databases both remote (GenBank, EMBL etc) and local (MySQL,
Flat_databases flat files, GFF etc.) for storage and retrieval of
sequences. And finally with its associated documentation and
mailing lists, Bioperl represents a community of bioinformatics
professionals working in Perl who are committed to supporting both
development of Bioperl and the new users who are drawn to the project.
While most bioinformatics and computational biology applications are
developed in UNIX/Linux environments, more and more programs are
being ported to other operating systems like Windows, and many users
(often biologists with little background in programming) are looking for
ways to automate bioinformatics analyses in the Windows environment.
Perl and Bioperl can be installed natively on Windows NT/2000/XP.
Most of the functionality of Bioperl is available with this type of
install. Much of the heavy lifting in bioinformatics is done by programs
originally developed in lower level languages like C and Pascal
(e.g. BLAST, clustalw, Staden etc). Bioperl simply acts as
a wrapper for running and parsing output from these external programs.
Some of those programs (BLAST for example) are ported to Windows.
These can be installed and work quite happily with Bioperl in the native
Windows environment. Some external programs such as Staden and the
EMBOSS suite of programs can only be installed on Windows by using
Cygwin and its gcc C compiler (see Bioperl in Cygwin, below).
Recent attempts to port EMBOSS to Windows, however, have been mostly
If you have a fairly simple project in mind, want to start using Bioperl
quickly, only have access to a computer running Windows, and/or don't mind
bumping up against some limitations then Bioperl on Windows may be a
good place for you to start. For example, downloading a bunch of sequences
from GenBank and sorting out the ones that have a particular
annotation or feature works great. Running a bunch of your sequences
against remote or local BLAST, parsing the output and storing it
in a MySQL database would be fine also.
Be aware that most Bioperl developers are working in some type of a
UNIX environment (Linux, OS X, Cygwin). If you have
problems with Bioperl that are specific to the Windows environment, you
may be blazing new ground and your pleas for help on the Bioperl mailing
list may get few responses (you can but try!) - simply because no one
knows the answer to your Windows specific problem. If this is or becomes a
problem for you then you are better off working in some type of UNIX-like
environment. One solution to this problem that will keep you working on a
Windows machine it to install Cygwin, a UNIX emulation environment for
Windows. A number of Bioperl users are using this approach successfully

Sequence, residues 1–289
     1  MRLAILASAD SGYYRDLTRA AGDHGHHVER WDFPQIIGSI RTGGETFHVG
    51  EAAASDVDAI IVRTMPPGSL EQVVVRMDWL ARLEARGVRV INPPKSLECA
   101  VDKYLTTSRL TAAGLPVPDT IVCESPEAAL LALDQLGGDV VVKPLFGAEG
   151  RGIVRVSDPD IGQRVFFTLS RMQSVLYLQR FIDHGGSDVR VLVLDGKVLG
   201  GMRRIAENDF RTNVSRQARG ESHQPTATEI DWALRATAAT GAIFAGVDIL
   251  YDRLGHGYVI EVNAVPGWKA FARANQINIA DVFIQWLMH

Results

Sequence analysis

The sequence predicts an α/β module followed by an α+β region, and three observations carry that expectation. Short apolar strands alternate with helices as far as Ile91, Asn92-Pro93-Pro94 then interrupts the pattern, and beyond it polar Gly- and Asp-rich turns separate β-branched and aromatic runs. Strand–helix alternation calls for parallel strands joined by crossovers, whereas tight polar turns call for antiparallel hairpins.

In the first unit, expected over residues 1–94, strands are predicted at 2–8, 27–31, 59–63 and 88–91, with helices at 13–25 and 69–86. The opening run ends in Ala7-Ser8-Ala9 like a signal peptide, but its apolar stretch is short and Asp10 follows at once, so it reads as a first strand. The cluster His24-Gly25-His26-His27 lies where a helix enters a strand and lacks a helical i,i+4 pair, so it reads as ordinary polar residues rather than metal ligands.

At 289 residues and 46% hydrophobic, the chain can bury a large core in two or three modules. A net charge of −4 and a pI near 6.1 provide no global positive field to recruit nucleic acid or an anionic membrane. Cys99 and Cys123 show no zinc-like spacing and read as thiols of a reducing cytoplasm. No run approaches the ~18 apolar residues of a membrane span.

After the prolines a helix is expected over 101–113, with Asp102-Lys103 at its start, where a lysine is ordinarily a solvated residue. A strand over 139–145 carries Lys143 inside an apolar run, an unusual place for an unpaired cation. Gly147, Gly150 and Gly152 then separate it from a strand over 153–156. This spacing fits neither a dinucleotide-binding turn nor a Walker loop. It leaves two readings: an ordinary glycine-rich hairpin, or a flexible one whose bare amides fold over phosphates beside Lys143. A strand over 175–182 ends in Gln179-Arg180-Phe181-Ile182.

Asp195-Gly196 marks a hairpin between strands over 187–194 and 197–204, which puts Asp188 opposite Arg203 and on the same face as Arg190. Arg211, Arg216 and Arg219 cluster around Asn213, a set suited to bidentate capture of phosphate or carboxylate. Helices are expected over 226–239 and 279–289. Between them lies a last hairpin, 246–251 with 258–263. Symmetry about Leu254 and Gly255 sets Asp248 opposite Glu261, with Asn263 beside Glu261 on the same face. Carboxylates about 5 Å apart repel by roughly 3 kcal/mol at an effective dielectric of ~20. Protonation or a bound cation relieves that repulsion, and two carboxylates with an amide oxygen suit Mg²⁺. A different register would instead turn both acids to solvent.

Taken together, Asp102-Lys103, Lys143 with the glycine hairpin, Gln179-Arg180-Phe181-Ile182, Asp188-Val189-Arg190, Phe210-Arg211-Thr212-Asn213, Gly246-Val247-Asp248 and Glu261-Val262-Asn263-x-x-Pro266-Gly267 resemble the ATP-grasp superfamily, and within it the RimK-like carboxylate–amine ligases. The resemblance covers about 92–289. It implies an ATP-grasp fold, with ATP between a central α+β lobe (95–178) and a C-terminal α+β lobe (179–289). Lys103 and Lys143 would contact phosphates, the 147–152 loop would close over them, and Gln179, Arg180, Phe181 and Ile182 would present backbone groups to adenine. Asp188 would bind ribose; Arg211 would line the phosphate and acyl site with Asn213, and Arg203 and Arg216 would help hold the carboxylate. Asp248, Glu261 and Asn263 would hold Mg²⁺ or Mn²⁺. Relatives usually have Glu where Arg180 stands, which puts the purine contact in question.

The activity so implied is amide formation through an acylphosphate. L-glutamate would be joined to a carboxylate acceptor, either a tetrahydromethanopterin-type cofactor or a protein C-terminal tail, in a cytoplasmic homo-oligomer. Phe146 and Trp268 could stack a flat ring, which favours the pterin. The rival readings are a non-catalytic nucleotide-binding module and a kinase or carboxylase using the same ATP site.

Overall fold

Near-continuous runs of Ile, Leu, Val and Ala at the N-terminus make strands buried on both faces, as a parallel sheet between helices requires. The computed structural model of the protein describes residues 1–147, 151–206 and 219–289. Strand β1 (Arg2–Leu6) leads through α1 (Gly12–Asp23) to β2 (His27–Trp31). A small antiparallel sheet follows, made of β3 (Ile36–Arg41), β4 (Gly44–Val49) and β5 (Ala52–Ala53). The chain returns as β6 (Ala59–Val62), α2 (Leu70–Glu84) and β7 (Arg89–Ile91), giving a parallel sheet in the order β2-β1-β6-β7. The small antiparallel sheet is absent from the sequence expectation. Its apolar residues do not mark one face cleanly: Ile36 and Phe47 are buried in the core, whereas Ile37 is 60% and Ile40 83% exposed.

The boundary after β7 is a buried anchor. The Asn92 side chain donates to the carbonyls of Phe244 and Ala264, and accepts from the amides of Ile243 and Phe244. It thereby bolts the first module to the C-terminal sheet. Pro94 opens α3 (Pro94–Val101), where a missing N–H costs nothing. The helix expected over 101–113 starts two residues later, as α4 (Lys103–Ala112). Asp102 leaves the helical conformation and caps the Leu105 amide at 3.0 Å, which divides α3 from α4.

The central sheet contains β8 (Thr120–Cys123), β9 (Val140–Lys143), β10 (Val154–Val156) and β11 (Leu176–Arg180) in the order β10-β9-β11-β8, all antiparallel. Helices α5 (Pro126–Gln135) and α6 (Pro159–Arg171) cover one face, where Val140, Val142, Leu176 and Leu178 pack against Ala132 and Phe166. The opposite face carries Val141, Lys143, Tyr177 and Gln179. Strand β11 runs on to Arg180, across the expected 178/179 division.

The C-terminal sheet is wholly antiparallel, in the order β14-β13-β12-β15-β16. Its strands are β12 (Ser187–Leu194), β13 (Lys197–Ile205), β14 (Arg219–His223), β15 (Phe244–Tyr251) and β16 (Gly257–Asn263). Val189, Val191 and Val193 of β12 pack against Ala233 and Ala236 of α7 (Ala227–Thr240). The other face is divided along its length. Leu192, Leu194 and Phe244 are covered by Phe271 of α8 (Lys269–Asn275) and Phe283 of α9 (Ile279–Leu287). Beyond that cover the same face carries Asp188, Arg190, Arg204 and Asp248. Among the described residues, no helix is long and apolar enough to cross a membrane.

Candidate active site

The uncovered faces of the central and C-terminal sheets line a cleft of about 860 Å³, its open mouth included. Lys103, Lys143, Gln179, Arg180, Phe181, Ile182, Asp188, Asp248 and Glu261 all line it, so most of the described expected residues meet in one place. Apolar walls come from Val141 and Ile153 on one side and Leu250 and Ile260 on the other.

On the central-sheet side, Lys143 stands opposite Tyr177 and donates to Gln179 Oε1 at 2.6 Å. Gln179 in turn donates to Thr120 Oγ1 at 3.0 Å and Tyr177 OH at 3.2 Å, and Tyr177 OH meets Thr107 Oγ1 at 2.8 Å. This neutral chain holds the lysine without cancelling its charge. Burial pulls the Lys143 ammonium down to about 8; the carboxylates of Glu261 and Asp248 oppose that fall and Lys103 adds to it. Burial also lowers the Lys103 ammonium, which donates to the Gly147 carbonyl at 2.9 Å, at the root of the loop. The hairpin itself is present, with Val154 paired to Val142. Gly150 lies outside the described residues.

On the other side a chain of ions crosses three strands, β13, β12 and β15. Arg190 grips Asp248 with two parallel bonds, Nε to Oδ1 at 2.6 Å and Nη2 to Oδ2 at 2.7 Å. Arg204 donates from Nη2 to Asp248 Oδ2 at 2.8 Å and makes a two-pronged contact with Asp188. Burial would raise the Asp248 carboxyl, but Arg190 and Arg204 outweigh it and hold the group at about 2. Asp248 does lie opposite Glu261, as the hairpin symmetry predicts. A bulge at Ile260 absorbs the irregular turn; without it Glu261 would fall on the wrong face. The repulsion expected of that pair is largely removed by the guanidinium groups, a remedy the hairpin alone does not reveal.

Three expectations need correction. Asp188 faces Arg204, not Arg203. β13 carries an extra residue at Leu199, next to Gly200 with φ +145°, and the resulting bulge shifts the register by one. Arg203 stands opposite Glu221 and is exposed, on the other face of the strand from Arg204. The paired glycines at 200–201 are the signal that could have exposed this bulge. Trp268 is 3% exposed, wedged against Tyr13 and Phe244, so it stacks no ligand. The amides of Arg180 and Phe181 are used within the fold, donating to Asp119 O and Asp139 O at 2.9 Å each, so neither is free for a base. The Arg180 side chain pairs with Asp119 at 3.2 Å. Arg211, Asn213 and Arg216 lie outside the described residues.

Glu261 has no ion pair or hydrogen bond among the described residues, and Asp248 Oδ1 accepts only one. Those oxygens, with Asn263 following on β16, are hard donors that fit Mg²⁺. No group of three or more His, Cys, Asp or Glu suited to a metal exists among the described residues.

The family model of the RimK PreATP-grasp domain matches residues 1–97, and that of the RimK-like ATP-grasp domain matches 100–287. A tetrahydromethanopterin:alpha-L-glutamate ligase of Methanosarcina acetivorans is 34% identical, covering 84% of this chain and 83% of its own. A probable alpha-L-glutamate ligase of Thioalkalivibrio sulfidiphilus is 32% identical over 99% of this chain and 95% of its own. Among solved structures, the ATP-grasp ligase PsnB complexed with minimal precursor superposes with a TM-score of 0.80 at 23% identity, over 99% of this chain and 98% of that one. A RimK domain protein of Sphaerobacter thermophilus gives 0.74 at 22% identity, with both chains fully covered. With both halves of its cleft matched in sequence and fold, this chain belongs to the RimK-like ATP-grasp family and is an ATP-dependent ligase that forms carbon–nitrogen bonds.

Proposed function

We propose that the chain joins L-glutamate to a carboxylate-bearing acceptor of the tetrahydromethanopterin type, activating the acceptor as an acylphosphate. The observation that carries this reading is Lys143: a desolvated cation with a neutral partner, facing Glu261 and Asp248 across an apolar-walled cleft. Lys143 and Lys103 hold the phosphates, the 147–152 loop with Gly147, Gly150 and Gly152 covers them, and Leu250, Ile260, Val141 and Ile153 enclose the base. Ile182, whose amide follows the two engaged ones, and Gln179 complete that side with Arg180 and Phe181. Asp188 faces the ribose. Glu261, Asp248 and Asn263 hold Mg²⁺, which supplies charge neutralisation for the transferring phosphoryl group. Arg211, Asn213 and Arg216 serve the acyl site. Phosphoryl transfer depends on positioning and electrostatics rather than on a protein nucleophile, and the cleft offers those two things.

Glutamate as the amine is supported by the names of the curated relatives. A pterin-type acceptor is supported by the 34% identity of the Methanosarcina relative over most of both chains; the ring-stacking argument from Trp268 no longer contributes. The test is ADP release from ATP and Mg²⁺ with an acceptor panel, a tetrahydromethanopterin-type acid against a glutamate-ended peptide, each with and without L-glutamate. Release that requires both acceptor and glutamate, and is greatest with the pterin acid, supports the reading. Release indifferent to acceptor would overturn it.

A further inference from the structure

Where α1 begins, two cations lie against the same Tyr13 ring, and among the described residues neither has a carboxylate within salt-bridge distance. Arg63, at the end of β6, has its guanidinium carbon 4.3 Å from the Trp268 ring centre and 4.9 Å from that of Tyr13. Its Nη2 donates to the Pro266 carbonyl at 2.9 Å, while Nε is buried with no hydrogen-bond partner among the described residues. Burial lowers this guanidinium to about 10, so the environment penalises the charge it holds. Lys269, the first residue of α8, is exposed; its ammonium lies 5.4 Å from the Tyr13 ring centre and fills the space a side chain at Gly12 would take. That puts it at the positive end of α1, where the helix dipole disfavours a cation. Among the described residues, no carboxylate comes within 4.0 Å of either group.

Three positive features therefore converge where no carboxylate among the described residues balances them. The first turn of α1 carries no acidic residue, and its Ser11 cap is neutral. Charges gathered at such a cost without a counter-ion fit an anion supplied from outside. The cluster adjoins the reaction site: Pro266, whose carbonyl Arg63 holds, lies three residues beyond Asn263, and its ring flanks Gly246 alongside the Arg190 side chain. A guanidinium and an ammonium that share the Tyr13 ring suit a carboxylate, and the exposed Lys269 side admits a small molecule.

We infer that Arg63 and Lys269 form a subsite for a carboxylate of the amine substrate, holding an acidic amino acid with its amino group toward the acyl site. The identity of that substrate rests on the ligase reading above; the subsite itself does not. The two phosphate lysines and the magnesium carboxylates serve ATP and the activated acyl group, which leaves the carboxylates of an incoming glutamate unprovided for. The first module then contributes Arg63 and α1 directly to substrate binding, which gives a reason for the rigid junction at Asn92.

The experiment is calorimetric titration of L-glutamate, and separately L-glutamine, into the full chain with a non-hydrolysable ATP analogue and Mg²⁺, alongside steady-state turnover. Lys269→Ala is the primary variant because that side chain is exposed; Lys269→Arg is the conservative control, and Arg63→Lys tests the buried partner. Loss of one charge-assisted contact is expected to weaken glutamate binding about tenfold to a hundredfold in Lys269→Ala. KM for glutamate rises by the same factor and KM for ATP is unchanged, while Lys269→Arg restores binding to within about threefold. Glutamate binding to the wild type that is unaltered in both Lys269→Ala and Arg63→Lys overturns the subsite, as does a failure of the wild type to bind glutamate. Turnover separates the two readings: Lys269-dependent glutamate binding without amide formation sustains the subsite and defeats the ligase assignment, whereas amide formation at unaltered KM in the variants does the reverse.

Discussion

and it is discussed in more detail below.
Perl on Windows
There are a couple of ways of installing Perl on a Windows machine. The
most common and easiest is to get the most recent build from
ActiveState, a software company that provides free builds of Perl for
Windows users. The current (October 2006) build is ActivePerl
Bioperl also works on Perl 5.6.x, but due to installation problems etc,
only ActivePerl or later is supported for WinXP installation.
To install ActivePerl on Windows:
1) Download the ActivePerl MSI from
2) Run the ActivePerl Installer (accepting all defaults is fine).
You can also build Perl yourself (which requires a C compiler) or download
one of the other binary distributions. The Perl source for building it
yourself is available from CPAN, as are a few other binary
distributions that are alternatives to ActiveState. This approach is not
recommended unless you have specific reasons for doing so and know what
you're doing. If that's the case you probably don't need to be reading
this guide.
Cygwin is a UNIX emulation environment for Windows and comes with
its own copy of Perl.
Information on Cygwin and Bioperl is found below.
Bioperl on Windows
Perl is a programming language that has been extended a lot by the
addition of external modules.
These modules work with the core language to extend the functionality of
Bioperl is one such extension to Perl. These modular extensions to
Perl sometimes depend on the functionality of other Perl modules and this
creates a dependency. You can't install module X unless you have already
installed module Y. Some Perl modules are so fundamentally useful that the
Perl developers have included them in the core distribution of Perl - if
you've installed Perl then these modules are already installed. Other
modules are freely available from CPAN, but you'll have to install them
yourself if you want to use them. Bioperl has such dependencies.
Bioperl is actually a large collection of Perl modules (over 1000
currently) and these modules are split into seven packages. These seven
packages are:
| Bioperl Group | Functions |
|bioperl (the core) |Most of the main functionality of Bioperl |
|bioperl-run |Wrappers to a lot of external programs |
|bioperl-ext |Interaction with some alignment functions and the|
| |Staden package |
|bioperl-db |Using Bioperl with BioSQL and local relational |
| |databases |
|bioperl-microarray |Microarray specific functions |
|bioperl-pedigree |manipulating genotype, marker, and individual |
| |data for linkage studies |
|bioperl-gui |Some preliminary work on a graphical user |
| |interface to some Bioperl functions |
The Bioperl core is what most new users will want to start with. Bioperl
(the core) and the Perl modules that it depends on can be easily installed
with the perl package Manager PPM. PPM is an ActivePerl utility for
installing Perl modules on systems using ActivePerl. PPM will look online
(you have to be connected to the internet of course) for files (these
files end with .ppd) that tell it how to install the modules you want and
what other modules your new modules depends on. It will then download and
install your modules and all dependent modules for you.
These .ppd files are stored online in PPM repositories. ActiveState
maintains the largest PPM repository and when you installed ActivePerl PPM
was installed with directions for using the ActiveState repositories.